I recently discovered that the overflow drain that is supposed to be connected to the overflow outlet on my bathtub is...well, not. Taking off the cover of the overflow outlet, I see the pipe freestanding and disconnected, a couple of inches away from the hole.

This explains that strange waterfall sound I heard while taking a bath a few months ago, but more importantly I want to fix it now that I know about it. There is no access panel (which, since the whole bathroom was renovated by a big box store right before we bought it, is yet another item on the list of "You've Got To Be Kidding Me").

To complicate matters, the pipe is offset from the tub hole by about an inch. The drain pipe is sitting higher than the hole of the tub. This is probably why they didn't hook it up to begin with.

What I need is to fix this; reattach the drain pipe to the overflow hole in the tub. What I want is to fix this without cutting an access panel or basically any plumbing of any kind. Any ideas?

  • 4
    Can you post a pic?
    – Steven
    Jun 4, 2012 at 22:58
  • 5
    Wait... You want to fix a plumbing problem, without doing any plumbing? If you fix this without gaining access to the plumbing, and without doing any plumbing. The next person to come along will add this to their "You've Got To Be Kidding Me" list.
    – Tester101
    Jun 5, 2012 at 11:50
  • The pipe assemble in a "few inches away"? Wow..... please tell me you're exaggerating? If it's a few inches away then I don't think you have any choice but to open the cavity (unless it's flex-tube)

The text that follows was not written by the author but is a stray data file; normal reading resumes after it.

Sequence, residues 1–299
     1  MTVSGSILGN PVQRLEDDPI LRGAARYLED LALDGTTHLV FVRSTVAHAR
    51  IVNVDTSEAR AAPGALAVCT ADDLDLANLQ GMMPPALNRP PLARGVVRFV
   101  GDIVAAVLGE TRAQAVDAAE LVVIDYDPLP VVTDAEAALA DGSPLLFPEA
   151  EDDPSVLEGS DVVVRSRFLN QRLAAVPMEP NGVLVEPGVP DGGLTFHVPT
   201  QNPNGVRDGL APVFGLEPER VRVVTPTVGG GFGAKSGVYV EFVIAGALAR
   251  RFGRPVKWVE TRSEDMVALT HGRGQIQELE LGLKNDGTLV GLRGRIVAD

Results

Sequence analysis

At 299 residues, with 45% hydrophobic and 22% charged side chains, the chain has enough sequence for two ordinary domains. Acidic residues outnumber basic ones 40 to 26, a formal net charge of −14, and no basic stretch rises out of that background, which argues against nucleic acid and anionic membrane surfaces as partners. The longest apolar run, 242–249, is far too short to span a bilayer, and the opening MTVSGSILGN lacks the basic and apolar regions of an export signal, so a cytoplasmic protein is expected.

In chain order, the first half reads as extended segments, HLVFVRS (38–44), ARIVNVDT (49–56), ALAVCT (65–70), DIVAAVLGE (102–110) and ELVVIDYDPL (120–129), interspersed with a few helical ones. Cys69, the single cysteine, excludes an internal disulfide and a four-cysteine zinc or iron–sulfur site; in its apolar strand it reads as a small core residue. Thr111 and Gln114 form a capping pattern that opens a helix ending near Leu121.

– Matthew
    Sep 13, 2012 at 17:36
  • 1
    The only solution to not cutting an access hole or doing any plumbing is to disconnect the drain trip so the tub always drains and thus can only be used as a shower ;)
    – bcworkz
    Sep 15, 2012 at 2:22

3 Answers 3


All you need is a thick wire that can be bent into a U-shape at one end. Place the cover back into the outlet hole, insert the U-shaped wire into the outlet pipe and try to grab the outlet pipe to hold it in place. Lift the outlet pipe and slowly screw the top cover to the outlet. Tighten the top cover to the outlet pipe with a pair of pliers.


Is there any flex in the overflow pipe? You may be able to pull it to the opening, but don't force it. Install a gasket between the tub and the pipe, and re-attach it.

I guarantee you that this will be frustrating and annoying, but it is possible. An extra pair of hands will help.


A series of screws, the first one long enough to reach the tube, each one 1/4 inch shorter than the next, until you get to the correct length screw.

First install a new gasket and then starting with the long screw, screw it down until it bottoms out. On the other side, use the next shorter screw, pulling the tube just a bit closer. Alternate between the left and right sides until snugged.

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